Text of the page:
Talking Motors: New TVR promises to be fast, furious and very loud

TVRs on display outside the  Bristol Avenue, Bispham factory where the famous cars were built.

TVRs on display outside the Bristol Avenue, Bispham factory where the famous cars were built.

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“It’s British, fast, furious and loud.”

Reassurances that only serve to make us pine even more for something which most of us will only see from time to time speeding past, or next to us at a red light.

But that doesn’t matter. The first time a new TVR rumbles past and shortens the odds on a tinnitus-filled later life, part of me will be glad I was stood watching it – able to admire it from a perspective the driver can’t.

Would I swap places? Sure. But for now, like many others I suspect, I’m just happy TVR has the chance to add some more glory to its colourful past. We already know TVR’s new factory will be based in Ebbw Vale, south Wales, and visitors to this month’s London motorshow had their heads turned by the marque’s stand – which revealed not much, but enough to start in-depth daydreams featuring a greatest hits of avalanche-inducing engine sounds.

A clay model of the new TVR, expected to be unveiled later this year, was kept under a cover at the show, revealing little more than the size and shape of the new styling of the coupe, with the launch version expected to come in at just under £100,000.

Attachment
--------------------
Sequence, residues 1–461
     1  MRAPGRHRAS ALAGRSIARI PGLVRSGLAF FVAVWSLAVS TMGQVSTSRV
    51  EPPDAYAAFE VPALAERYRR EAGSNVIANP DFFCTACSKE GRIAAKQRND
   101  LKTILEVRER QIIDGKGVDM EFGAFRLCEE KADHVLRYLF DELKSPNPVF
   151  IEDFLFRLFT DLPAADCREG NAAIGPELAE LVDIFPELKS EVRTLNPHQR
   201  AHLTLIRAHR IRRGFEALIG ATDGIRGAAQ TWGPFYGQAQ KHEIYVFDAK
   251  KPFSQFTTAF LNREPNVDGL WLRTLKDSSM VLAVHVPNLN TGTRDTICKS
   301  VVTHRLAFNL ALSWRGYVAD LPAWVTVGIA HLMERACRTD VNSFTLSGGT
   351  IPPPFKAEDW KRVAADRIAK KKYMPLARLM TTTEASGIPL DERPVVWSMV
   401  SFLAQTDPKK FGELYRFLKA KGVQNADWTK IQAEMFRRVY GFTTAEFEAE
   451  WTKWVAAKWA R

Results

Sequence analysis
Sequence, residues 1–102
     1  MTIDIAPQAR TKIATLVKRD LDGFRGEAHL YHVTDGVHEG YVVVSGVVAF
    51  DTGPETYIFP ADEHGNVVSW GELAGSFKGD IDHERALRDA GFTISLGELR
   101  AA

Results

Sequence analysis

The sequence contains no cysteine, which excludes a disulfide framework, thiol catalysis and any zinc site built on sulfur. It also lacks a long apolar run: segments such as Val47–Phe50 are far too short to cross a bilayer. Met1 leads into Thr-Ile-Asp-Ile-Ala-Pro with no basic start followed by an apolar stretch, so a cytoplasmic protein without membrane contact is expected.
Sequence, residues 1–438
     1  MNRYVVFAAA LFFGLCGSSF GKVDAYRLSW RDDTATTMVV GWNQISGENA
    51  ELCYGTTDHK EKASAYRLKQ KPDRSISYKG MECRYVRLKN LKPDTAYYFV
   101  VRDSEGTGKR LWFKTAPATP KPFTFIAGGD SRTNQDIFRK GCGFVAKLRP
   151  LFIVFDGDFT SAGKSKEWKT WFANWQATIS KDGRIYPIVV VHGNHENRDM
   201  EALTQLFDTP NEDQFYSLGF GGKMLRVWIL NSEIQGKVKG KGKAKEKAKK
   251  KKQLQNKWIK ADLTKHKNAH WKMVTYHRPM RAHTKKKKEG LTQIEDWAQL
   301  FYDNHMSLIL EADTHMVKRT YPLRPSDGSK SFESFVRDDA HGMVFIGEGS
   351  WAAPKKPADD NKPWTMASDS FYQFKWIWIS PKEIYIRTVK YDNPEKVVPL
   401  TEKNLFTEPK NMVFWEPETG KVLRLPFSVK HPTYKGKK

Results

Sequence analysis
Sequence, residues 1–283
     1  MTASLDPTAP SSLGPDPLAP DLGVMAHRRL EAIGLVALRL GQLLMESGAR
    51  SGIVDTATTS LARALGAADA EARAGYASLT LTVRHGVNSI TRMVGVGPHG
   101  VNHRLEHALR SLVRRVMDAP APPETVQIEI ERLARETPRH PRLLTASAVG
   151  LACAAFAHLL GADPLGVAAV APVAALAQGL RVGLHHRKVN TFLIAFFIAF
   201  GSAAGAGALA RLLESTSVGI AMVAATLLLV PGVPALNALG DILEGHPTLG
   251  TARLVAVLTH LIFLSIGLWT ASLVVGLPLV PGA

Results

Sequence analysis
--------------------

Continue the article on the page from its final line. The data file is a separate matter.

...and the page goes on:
From what people were able to see from the sheet-covered model, the front end looks like it’s going to be much lower than previous models, and it is also possible to tell there is a double bulge in the roof, a nod to the car’s racing ambitions as it will be able to accommodate helmets.

And TVR chairman Les Edgar has revealed they are hoping to compete in the European Le Mans Series in late 2018. Although so few details have surfaced so far, nearly 400 people have placed the same kind of blind faith in the car as I would have done had I had half a house worth of surplus lying around somewhere for when the final bill comes in.

You’ll need £5,000 to place a deposit, and annoyingly the TVR website accepts credit cards, meaning you could in theory max out your credit limit and worry about where the other £95,000 will come from later (selling a kidney online won’t raise nearly enough – I’ve already looked).

We do know the car will have the kind of oomph that will make most of us keel over and grab our stomachs in the way you’d think only an overdose of jalapeno peppers can. This is thanks to Ford Mustang’s five-litre V8, which has been further developed by Cosworth. The finished article will be a face-melting 400bhp and capable of pulling 0-60 in fewer than four seconds.

But perhaps even more exciting than all of those things put together is the weighty hint being dropped that the new car will see the light of day under the famous Griffith name.

The undercover clay model was joined by a 1960s Griffith 400 and the past two times the Griffith name has been used – in the 60s and later in the 90s – it has signalled a revival for TVR. Edgar has said no name has been chosen yet, but message board mumblings suggest an old name will be used.

There will be a convertible model shortly after the latest TVR becomes available, for those who would prefer a windswept look when the weather allows and after the launch version, a normal version costing around £65,000 will be made.